Friday, February 01, 2008

No Longer Nico in Luoyang

After yet another long blogging hiatus, I resolve again to resume regular blogging about life in China. I have been getting up very early nearly every morning, and I hope I can use this time to write a little something every day. Call it my new year's resolution, which I'll say takes effect on February eighth, the first day of the year of the rat.
As the subject of this post suggests, I am no longer living in Luoyang. I left there on the thirteenth of December, after having spent almost three weeks in the hospital being treated for a rather nasty infection. I'll elaborate on this only by mentioning that this infection is commonly known as a rectal abscess and leave it at that.
After spending a month in Minneapolis and Louisiana visiting friends and family, I flew to Beijing on January 15th, then flew to Shanghai, where I spent the night. I met my friend Zoe, who moved to Shanghai from Luoyang about three months earlier, for lunch, and then took the bus to Ningbo, which lies on the southern side of the Hangzhou bay.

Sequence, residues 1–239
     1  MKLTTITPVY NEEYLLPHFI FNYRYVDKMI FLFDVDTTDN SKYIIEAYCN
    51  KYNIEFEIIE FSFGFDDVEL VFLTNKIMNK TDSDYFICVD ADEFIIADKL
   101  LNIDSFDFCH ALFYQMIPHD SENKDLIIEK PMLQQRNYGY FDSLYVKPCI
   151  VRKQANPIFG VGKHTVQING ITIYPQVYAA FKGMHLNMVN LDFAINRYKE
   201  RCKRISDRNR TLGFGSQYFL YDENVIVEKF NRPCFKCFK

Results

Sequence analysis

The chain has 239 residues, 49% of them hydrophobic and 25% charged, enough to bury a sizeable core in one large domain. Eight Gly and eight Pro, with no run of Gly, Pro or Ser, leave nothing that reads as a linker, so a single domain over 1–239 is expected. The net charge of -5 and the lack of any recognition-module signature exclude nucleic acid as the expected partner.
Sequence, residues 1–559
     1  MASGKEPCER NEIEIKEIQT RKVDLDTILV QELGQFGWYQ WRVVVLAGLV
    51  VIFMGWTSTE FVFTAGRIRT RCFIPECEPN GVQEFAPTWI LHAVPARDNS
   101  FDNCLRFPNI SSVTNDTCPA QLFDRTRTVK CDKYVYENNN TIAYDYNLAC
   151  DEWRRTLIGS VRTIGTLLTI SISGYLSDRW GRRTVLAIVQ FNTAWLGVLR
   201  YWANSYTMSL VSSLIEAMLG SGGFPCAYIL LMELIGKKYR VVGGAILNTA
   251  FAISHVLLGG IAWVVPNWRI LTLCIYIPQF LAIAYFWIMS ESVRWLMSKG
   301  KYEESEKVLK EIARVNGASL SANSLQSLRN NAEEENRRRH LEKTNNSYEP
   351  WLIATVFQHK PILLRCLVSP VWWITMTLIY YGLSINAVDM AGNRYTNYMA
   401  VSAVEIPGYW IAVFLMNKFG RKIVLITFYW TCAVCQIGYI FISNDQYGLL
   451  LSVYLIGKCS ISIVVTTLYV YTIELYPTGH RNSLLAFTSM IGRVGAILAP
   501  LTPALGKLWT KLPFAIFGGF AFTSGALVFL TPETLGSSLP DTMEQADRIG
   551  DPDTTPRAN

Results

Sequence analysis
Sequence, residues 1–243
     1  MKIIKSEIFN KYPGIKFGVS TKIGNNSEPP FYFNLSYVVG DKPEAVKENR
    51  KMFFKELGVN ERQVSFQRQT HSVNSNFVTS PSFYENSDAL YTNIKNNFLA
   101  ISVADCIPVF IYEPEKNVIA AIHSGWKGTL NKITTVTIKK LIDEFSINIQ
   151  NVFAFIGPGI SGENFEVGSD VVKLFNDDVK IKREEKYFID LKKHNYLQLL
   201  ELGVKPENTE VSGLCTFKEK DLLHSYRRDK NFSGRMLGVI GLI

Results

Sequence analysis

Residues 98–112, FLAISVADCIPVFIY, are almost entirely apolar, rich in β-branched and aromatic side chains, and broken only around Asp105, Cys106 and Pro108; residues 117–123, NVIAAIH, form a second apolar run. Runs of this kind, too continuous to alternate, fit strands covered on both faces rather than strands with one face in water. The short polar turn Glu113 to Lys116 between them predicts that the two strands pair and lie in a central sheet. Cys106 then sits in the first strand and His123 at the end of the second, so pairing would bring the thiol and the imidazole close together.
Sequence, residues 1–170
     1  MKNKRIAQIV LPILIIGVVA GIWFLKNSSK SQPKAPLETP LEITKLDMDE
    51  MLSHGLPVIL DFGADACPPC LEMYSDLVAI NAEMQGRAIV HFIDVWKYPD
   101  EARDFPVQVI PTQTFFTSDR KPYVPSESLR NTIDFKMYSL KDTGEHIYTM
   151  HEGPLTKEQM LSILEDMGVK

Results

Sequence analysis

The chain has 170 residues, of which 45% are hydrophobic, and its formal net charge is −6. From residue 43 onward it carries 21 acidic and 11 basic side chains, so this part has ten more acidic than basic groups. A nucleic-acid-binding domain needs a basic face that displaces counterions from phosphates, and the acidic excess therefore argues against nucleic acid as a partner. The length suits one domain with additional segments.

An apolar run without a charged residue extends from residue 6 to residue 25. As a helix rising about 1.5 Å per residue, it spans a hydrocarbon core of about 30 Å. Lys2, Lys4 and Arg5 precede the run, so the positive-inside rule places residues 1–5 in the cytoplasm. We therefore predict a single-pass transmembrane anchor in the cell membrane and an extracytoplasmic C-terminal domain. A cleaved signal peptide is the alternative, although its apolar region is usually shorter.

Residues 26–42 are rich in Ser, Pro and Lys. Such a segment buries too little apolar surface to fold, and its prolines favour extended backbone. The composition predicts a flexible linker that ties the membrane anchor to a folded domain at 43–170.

I've now been here for about two weeks, with three days spent back in Shanghai completing training for my new position at Web International English. So far my impression of city has been very positive.
The first several mornings here I went out early to a produce market near my friend Nick's apartment, where I've been staying. There I encountered a staggering selection of fresh seafood, including about ten kinds of clams, several varieties of live shrimp, and, of course, a enormous array of ocean fish. Those of you who know me would not have been surprised to see me with a huge grin, giddily hopping from stand to stand. You'd also not be surprised to know that this experience has made me confident that I'll enjoy my time here.
The city is worlds apart from Luoyang, with glistening skyscrapers and new villas comprising much of the view from Nick's apartment window. The streets and air are relatively clean, and the riverside view is charming and almost European. There are, of course, the requisite drab communist apartment blocks, but the much of the city glows with prosperity and modernity. Whereas Luoyang is a city just beginning the transition out of the communist past, Ningbo seems on the forefront of the New China.
In the next few days I'll report back with more impressions. For now, it's time to have some breakfast and get started with the day.


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